This latest episode of the high-quality end of the Northern Soul world is as varied as the scene has become, featuring manic funk, Detroit grooves, doo wop-inspired ballads, neo-Motown and pure soul stompers.
Los Angeles features strongly throughout. As a taster of the pleasures to come over the next couple of years, the opening tracks by ex-Motowners Carolyn Crawford and Kim Weston, along with the Joe Buckner & Major IV number, are from Mickey Stevenson’s late 60s Los Angeles operation; and the Lovers’ acetate-only ‘She’s Supreme’ and John Wesley & the Four Tees’ stomping version of the Williams & Watson LP track ‘Love Is Such A Funny Thing’ were recorded under the aegis of the city’s great arranger Arthur Wright.
Researching the tape vaults during lockdown has proved fruitful. The first version of Claude Huey’s ‘Why Would You Blow It’ by the unknown Isaiah Smith was discovered among the Galaxy tapes, as was the Brothers Of Soul’s ‘I Need Your Love’ – any previously unheard track by this redoubtable outfit is big soul news. I had originally thought that Buck Ram’s group Two Cats & A Mouse would be 50s sounding, like most of his acts, but ‘Love In My Heart’ proved to be a classy cover of the Oracles’ 1967 rarity on OM.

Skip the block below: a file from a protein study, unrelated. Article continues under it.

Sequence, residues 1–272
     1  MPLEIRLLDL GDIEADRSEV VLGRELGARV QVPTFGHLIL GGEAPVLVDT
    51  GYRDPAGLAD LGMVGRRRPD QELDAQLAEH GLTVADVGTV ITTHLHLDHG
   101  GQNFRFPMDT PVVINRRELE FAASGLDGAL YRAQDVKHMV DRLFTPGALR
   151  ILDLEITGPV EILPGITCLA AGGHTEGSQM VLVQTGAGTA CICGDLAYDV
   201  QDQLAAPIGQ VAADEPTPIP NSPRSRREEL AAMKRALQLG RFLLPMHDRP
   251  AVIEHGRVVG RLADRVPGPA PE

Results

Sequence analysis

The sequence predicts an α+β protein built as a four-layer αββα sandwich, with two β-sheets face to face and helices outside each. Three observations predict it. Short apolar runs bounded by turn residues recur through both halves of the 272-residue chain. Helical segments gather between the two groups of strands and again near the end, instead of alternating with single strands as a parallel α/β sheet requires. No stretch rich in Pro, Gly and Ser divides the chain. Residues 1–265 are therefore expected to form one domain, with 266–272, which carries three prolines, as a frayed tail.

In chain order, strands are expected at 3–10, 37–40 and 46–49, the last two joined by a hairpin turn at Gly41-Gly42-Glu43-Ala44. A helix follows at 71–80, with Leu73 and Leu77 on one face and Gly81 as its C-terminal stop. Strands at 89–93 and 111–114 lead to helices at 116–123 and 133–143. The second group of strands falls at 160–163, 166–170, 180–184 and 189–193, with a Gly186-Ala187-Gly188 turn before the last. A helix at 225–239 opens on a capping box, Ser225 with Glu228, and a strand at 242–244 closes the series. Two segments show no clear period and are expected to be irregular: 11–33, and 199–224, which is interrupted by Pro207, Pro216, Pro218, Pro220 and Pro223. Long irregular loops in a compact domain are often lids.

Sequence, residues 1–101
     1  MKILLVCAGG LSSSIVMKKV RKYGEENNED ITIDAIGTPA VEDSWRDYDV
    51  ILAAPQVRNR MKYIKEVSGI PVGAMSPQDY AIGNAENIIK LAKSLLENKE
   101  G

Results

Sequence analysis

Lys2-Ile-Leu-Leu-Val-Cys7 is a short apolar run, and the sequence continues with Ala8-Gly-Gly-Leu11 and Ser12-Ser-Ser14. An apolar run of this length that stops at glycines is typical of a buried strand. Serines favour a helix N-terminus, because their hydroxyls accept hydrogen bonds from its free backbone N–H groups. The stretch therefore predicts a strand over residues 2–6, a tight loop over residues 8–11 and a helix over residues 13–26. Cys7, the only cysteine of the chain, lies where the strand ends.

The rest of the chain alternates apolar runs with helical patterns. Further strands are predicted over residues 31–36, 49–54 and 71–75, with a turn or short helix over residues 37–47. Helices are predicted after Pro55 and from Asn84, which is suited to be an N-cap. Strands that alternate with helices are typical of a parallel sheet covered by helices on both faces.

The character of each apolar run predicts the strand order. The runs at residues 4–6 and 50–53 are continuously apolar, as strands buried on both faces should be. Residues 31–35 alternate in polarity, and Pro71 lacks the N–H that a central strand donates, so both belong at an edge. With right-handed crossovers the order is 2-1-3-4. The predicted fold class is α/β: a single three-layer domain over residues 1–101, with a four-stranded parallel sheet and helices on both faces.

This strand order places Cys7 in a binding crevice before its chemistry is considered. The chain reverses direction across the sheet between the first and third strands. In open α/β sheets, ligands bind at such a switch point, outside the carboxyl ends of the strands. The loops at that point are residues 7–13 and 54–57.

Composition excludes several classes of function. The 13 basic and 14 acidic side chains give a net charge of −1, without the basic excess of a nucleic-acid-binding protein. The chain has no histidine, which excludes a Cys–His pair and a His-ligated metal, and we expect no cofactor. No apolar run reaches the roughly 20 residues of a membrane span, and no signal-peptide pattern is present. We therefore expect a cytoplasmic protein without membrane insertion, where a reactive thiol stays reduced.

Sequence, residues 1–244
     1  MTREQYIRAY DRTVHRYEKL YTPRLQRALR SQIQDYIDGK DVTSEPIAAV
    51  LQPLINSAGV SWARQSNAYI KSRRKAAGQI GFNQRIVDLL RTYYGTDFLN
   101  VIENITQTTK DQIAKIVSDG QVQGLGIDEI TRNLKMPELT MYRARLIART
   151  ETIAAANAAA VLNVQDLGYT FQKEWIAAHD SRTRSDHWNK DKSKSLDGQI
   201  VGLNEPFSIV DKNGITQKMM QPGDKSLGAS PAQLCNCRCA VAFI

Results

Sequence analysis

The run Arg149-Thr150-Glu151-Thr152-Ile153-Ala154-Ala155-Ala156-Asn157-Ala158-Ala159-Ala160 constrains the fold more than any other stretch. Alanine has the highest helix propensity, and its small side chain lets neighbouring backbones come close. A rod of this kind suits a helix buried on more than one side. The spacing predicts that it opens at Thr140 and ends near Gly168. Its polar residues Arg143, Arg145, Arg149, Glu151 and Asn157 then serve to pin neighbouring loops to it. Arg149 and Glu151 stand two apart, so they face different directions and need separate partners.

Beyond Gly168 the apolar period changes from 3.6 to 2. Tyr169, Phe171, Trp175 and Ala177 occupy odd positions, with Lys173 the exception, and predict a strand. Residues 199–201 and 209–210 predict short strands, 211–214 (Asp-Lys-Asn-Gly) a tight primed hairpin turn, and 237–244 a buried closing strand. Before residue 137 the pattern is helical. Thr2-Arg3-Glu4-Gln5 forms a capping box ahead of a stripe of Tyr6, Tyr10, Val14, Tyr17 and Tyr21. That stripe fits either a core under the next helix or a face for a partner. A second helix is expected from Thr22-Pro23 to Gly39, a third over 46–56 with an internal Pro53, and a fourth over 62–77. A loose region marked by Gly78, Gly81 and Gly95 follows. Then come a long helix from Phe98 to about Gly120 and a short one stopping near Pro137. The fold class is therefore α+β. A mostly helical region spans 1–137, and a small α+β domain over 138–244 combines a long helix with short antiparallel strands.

From Milwaukee, the Badger State, we have two little-known 1963 recordings from the Cuca label. ‘You Don’t Care’ by the Esquires (aka Betty Moorer’s brothers’ group the Ambassadors) first appeared on “Badger A-Go-Go”, a compilation album issued on Cuca’s Night Owl subsidiary in 1968, while Harvey (Scales) & Seven Sounds’ beat ballad ‘It’s Midnight’ was finally made available as a download-only in 2020.
Jack Ashford’s influence is also strong. ‘Crazy Things’ by the unknown Joe Douglas, one of Jack’s earliest productions, was cut in Philly with a Motor City backing track. Jack’s Pied Piper set-up produced the Hesitations’ ‘Soul Kind Of Love’, the second 45 from their superlative “Soul Superman” LP, and his later work with Detroiters Lorraine Chandler and George Rountree is represented by Philly singer Ray Gant’s update of Eddie Parker’s ‘I Need A True Love’, and the Family Brick’s vocal group version of ‘I’ll Fly To Your Open Arms’, which Jack sang on his “Hotel Sheets” LP.
Other soul legends include Major Lance with ‘Girl, Come On Home’ (the original flip of ‘Since I Lost My Baby’s Love’) and the Exits’ ‘Under The Street Lamp’, which epitomised the aspirations of black street corner vocal groups. Joe Hicks’ ‘Don’t It Make You Feel Funky’ is adrenalin-driven soul, adored by the Northern Soul crowd. Rocky Gil’s ‘It’s Not The End’ and Little Nicky Soul’s ‘You Said’ are both mega-money items, but the rarest and most-desired track has to be ‘The Intruder’ by Melvin Hicks & the Versatiles, which was thought to exist only on acetate but is actually a missing number on a collectible soul label – all will be revealed.